William Fraley Deschamps

Information about birth

Date of birth:
Place of birth:
Coonambula, Queensland, Australia

General information

Last known residence:
Townsville, Queensland, Australia
Roman Catholic

Army information

Australian Imperial Force
Service number:
Enlistment date:
Enlistment place:
Townsville, Queensland, Australia
 —  Australian Infantry, 25th Bn. (Queensland)  (Last known unit)

Information about death

Date of death:
Place of death:
Zonnebeke Château Grounds, Belgium
Cause of death:
Killed in action (K.I.A.)


Tyne Cot Cemetery
Plot: XXV
Row: H
Grave: 20

Distinctions and medals 2

Points of interest 4

#1 Place of birth
#2 Last known residence
#3 Enlistment place
#4 ‘Place of death’

My story

William Fraley Deschamps, a former carter, was born in 1892 in Coonambelah, Queensland, Australia. He was the youngest son of August Victor Deschamps and Rose Hind. His father August was born in Caen, Normandy, France and emigrated to Australia when he was 15 years old. William’s mother Rose originally hailed from England. Her family moved to Australia in the 1870’s. On October 23, 1916 he enlisted in Townsville, Queensland and embarked from Sydney on board HMAT A64 Demosthenes on December 23, 1916, with the 18th reinforcement of the 25th Battalion, part of the 7th Australian Brigade of the 2nd Australian Division. His brother, Wallace Victor, died of disease in Cairo, Egypt.

William joined up in October 1916 and served in the Australian Infantry 25th Battalion, part of the 7th Australian Brigade, of the 2nd Australian Division. From September onwards the Division participated in the Battle of Passchendaele and on 20 September 1917 it attacked Anzac Ridge with two Brigades, the 7th Australian Brigade on the right and the 5th Australian Brigade on the left. Its jump off line was just east of the hamlet of Westhoek. The attack of the 7th brigade was carried by the 25th Battalion; the 27th was in support and the 28th in reserve.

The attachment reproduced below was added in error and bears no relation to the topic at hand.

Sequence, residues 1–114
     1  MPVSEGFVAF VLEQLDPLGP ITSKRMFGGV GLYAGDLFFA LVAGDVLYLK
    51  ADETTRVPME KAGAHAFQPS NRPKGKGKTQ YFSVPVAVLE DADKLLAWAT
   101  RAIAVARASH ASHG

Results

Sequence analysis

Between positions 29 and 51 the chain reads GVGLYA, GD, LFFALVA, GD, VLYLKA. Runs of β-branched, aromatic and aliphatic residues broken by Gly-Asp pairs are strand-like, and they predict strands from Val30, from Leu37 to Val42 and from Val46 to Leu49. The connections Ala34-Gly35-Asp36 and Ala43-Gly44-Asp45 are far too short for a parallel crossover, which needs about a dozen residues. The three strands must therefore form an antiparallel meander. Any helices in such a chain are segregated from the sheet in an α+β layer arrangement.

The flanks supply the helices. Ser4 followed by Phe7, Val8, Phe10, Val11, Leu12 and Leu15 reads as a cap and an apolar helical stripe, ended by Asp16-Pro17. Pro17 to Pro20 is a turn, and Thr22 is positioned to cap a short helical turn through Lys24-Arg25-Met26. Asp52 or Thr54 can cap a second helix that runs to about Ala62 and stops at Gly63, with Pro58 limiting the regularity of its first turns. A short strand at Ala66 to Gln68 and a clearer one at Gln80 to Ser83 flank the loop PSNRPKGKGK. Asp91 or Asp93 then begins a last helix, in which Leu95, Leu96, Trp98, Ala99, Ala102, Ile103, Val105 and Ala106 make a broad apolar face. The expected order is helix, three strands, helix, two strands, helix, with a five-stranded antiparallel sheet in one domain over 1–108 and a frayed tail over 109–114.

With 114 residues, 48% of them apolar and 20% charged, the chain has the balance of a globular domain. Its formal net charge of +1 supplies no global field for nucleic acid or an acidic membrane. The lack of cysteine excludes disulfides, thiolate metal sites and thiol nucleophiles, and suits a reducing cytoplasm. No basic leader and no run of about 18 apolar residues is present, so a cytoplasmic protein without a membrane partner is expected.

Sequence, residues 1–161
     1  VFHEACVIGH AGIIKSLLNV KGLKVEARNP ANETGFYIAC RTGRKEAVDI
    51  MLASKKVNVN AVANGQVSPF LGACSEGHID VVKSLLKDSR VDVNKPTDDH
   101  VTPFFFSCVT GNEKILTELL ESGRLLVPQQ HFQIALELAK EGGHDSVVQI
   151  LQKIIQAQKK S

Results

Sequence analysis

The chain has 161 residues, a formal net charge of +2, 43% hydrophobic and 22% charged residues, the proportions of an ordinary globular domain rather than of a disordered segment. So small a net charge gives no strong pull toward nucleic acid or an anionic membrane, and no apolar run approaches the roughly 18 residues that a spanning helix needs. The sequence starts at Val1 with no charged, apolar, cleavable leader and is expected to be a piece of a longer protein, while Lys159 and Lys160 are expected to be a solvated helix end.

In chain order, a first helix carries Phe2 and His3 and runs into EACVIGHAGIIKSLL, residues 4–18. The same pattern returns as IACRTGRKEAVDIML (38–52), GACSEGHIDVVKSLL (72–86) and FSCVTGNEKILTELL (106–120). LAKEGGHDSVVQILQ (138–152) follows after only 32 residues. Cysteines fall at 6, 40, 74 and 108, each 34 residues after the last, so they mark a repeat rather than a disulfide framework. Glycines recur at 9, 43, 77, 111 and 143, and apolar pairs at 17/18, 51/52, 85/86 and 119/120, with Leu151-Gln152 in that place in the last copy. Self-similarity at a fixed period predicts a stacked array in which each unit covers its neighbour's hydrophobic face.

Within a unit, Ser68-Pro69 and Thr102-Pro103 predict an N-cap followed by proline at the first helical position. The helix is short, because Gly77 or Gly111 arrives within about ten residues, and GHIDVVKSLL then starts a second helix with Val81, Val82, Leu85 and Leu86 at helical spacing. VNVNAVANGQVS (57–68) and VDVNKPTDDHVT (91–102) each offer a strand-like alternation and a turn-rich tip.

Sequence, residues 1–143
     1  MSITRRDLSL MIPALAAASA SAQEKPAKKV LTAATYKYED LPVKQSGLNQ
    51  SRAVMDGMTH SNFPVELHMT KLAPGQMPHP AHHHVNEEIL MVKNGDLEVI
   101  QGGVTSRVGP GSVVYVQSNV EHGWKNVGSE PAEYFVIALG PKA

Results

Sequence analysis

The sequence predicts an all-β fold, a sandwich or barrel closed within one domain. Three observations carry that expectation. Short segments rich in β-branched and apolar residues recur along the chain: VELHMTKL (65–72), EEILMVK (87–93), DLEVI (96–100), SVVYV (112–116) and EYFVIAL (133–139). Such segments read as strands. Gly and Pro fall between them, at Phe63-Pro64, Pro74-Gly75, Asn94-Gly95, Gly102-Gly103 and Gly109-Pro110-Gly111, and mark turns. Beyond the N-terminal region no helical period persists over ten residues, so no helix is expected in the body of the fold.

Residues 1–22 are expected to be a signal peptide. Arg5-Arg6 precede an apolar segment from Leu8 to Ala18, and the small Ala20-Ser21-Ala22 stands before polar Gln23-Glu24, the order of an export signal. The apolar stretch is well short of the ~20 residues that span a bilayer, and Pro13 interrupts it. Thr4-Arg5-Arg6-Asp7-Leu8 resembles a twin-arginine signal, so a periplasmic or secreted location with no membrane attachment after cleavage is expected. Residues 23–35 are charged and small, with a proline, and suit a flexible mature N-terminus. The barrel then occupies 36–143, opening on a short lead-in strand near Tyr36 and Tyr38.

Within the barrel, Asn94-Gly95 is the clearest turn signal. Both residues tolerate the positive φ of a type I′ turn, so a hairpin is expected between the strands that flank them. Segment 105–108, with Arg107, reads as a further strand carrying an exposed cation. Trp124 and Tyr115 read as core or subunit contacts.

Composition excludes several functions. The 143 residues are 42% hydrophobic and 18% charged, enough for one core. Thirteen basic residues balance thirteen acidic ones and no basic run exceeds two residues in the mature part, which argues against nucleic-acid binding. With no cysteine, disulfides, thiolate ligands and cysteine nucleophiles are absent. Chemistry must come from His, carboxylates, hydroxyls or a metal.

The 25th Battalion advanced at 5.40 a.m. They moved through the Haenebeek valley and the northern outskirts of the Nonne Bosschen. They met little resistance and managed to consolidate the Red Line by 6.10 a.m. Not an hour later the 27th Battalion passed through and went to the Blue Line. They were equally successful. By 8.10 a.m. the 28th Battalion advanced from Westhoek Ridge. They captured and secured the final objective by 10 a.m.
The attack had been a success. Even the German artillery had been fairly quiet during the attack, but around noon the Germans started shelling the captured ground and two posts in the 25th Battalion’s line took a direct hit. The men of the 25th held their ground and were relieved during the following night. Notwithstanding the success of the attack, the Battalion had suffered heavy casualties. Thirty-three men were killed, ten men died of their wounds, 128 men were wounded and four men went missing.

William Fraley, aged 25, was killed in action on September 21, 1917. He was initially buried on the Zonnebeke Chateau grounds, just west of De Knoet Farm (28.D.28.a.70.60), which was still held by the Germans at the time. Possibly he was captured on September 20. His remains were exhumed and reinterred at Tyne Cot Cemetery; Plot 25, Row H, Grave 20.

Files 3

Sources 7

"Black over Blue: The 25th Battalion, AIF at War 1915-1918", Doneley B., Toowoomba, USQ Press, 1997, pg. 96-103.
Sources used
"Passchendaele. The Day-by-Day Account", McCarthy C., London, Uniform, 2018, pg. 80-113.
Sources used
25th Battalion Australian Infantry (Australian War Memorial, Campbell (AWM), AWM4 23/42/25).
Sources used
7th Brigade Australian Infantry (Australian War Memorial, Campbell (AWM), AWM4 23/7/25).
Sources used
Further reference
First Australian Imperial Force Personnel Dossiers, 1914-1920 (National Archives of Australia, Canberra (NAA), B2455).
Sources used
Unit embarkation nominal rolls, 1914-18 War (Australian War Memorial, Campbell (AWM), AWM8).
Sources used

More information 4